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"The Sky's the Limit"

Objective | TasksFinding Careers | Finding a House | Finding a Car | Setting Up Your Budget | Reviewing the Budget | Evaluation | Additional Resources | Conclusion 

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The objective of this project is for you to set up a budget that would allow you to live the type of life you would like, as well as to understand what skills and/or education you need to get there. This will include finding a house, finding a car, developing a budget, and finding a career that would match your income needs. This project does involve doing some calculations and setting up a budget on Excel, but it's main purpose is to allow you to have fun dreaming of the future while realizing what these dreams may cost.  I also hope you observe certain iron realities about work and what it takes to be a successful adult in Southern California today.  It is not easy.  It takes lots of money!

During this project you will need to fill out and then print this worksheet.  You will also have a master spreadsheet that will show all your calculations and contain a working budget.  Your expenses must fall within your income!  Be advised!


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You will need to have a partner to complete this project. Essentially, each of you will be required to set up a monthly budget. You will be required to set up your budget on Excel, and then get your information off the internet, noting the sites that you used.  The preparing of the budget will include you finding out what type of careers will provide you with the necessary income, and how much education is needed for such a career.  This project consists of two steps: first, you will construct a budget according to a job you are assigned by your teacher; and, secondly, you will - within limits and with teacher approval - select your own career.  No matter what your job might be, you must construct a working budget with costs less than expenses.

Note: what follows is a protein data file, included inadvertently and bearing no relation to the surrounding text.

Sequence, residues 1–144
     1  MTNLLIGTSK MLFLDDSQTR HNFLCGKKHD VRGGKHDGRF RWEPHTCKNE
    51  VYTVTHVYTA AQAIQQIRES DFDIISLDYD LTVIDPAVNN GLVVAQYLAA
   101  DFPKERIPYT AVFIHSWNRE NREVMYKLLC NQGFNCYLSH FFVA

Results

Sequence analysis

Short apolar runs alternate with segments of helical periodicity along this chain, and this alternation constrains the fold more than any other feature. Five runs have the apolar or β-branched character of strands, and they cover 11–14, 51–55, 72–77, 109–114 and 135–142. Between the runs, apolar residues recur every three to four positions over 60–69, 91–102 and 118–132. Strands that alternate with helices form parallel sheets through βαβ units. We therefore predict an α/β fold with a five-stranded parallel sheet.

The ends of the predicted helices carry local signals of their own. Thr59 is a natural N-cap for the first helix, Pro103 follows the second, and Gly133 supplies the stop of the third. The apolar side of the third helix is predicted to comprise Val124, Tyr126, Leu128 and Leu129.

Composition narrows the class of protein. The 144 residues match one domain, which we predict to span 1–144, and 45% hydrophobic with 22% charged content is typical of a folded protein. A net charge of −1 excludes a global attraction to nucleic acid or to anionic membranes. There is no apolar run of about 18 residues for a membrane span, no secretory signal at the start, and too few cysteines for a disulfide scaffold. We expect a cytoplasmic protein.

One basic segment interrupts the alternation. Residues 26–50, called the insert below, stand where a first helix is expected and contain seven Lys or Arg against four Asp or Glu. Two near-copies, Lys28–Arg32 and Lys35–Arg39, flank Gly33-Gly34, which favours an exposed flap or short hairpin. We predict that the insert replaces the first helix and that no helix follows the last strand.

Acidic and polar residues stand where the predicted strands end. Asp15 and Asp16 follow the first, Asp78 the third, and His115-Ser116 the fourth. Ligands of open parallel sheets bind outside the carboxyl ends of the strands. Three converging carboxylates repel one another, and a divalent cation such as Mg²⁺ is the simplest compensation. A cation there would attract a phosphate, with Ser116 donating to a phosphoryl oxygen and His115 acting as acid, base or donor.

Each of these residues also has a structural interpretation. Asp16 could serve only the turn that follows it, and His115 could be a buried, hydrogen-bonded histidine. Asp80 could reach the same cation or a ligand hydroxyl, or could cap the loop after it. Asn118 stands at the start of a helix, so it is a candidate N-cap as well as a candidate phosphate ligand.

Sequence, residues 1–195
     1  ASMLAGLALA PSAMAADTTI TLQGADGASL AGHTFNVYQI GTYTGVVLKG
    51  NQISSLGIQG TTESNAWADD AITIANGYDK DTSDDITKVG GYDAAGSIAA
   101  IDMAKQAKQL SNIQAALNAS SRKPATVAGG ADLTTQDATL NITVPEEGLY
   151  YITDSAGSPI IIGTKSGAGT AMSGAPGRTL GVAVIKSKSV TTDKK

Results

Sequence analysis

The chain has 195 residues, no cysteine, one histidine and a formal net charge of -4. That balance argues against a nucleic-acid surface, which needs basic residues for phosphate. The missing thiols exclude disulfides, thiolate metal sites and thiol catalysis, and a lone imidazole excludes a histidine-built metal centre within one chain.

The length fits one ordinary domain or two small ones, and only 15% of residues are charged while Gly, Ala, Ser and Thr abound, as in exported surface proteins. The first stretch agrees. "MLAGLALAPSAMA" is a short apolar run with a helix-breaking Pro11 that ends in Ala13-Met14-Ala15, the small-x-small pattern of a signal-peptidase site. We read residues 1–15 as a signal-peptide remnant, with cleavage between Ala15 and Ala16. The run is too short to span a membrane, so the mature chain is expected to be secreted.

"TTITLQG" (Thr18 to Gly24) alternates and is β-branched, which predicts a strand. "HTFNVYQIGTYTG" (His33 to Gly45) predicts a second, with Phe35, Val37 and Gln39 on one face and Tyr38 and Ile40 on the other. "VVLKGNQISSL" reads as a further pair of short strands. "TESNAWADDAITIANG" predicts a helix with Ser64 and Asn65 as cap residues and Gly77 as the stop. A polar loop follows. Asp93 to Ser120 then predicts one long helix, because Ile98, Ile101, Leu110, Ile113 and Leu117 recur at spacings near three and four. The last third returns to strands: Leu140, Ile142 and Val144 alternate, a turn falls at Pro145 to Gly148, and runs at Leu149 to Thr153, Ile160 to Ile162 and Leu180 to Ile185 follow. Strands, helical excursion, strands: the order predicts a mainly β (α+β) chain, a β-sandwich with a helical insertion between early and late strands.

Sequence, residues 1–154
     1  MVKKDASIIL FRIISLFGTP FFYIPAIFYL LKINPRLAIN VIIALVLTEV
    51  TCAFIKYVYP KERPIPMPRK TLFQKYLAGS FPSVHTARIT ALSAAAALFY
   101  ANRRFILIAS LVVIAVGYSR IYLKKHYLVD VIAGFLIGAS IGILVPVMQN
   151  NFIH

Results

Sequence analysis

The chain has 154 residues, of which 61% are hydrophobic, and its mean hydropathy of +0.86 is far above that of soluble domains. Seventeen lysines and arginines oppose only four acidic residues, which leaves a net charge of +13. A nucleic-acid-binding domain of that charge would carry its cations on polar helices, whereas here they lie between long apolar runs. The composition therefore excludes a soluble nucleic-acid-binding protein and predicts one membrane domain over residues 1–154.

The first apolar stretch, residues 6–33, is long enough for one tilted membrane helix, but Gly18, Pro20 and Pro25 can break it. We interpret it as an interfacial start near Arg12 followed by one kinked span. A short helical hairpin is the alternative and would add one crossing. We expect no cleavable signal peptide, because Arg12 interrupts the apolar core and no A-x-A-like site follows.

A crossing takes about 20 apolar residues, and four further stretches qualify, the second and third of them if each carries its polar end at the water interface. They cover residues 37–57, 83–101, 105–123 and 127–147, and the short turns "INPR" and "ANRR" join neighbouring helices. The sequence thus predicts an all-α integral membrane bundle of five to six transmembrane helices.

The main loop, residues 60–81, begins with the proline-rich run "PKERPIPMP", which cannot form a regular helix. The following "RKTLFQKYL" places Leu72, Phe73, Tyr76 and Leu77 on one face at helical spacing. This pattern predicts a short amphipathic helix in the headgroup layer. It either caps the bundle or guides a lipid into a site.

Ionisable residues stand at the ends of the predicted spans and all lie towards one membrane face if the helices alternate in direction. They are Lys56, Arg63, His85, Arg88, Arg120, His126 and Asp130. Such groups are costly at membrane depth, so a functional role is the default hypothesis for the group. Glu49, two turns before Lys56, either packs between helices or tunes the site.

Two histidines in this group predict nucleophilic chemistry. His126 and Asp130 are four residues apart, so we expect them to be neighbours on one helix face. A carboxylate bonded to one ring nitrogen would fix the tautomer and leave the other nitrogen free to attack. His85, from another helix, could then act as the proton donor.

No matter what job you have you must first deal with your housing.  You will need to find a house or apartment that you can afford.  You can have roommates, if you need help in covering the monthly rent or mortgage.  Next, you must find a car or other type of transportation, and then set up a budget.  Then you must fill out the worksheet, print it out, then and discuss it with Mr. Geib.

After completing the preliminary budget, you will exchange your budget with your partner. At this point your partner will review the project, looking for calculation errors and commenting on how realistic the budget is.

To complete the project, you will need to make revisions to your original budget, explaining your reasons for doing so.